How did the abolitionist leadership come to this conviction and this work? Goodman examines the life trajectories of a "crucial cadre" (36) of about twenty radical abolitionists. He assesses their economic and social positions, religious convictions, family relations, and other factors to locate common features in their personal circumstances that might have led white men and, discussed in two separate chapters, white women, to their passionate embrace of immediatism. He concludes that the early white abolitionist leaders were repelled by the emerging market economy and disillusioned with the accommodation made to it by traditional religion.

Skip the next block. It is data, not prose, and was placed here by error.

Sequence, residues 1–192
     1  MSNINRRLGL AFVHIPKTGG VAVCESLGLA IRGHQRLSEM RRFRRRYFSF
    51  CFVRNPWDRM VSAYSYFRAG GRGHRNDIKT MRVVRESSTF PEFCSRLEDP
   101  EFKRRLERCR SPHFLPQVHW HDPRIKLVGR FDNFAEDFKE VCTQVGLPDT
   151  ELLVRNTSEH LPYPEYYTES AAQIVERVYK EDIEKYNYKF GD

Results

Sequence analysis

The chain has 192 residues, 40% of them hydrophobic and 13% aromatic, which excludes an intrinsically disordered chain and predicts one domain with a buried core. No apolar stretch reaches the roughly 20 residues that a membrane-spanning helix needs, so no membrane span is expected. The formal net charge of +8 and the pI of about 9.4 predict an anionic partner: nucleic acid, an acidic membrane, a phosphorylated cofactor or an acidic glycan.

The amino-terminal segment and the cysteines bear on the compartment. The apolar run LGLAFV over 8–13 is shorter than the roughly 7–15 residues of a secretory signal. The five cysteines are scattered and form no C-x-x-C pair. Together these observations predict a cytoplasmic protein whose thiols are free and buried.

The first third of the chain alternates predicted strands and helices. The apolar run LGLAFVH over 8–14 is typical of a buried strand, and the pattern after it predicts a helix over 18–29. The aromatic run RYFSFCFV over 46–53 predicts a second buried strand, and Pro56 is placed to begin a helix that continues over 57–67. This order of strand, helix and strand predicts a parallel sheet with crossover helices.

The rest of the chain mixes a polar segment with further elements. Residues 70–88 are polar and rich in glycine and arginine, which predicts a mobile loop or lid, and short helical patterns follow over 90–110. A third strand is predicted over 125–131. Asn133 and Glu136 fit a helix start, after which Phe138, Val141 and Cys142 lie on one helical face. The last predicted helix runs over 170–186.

In response, they sought to "sacralize everyday life" and "impose moral order on social order" through their passionate commitment to the abolition of slavery and the eradication of white prejudice. Immediatism also served to mediate anxiety about manhood and effeminacy by "appropriating religiosity and moral leadership as fundamental to true manhood" and not simply "preeminently feminine" (101). White women who became early movement leaders responded to the new opportunities and new limitations that constituted "conflicting new conceptions of womanhood" within the emergent industrial order. Goodman's argument on the motivations of northern reform seems in some ways to be a gendered variation on the "social dislocation" argument first made made just after the turn of the century by Frank T. Carlton and reinvigorated in several different forms periodically thereafter. Ultimately, however, Goodman finds that religious conviction in encounter with "local contexts and experiences" (101) were most influential in determining whether a given individual would become an abolitionist.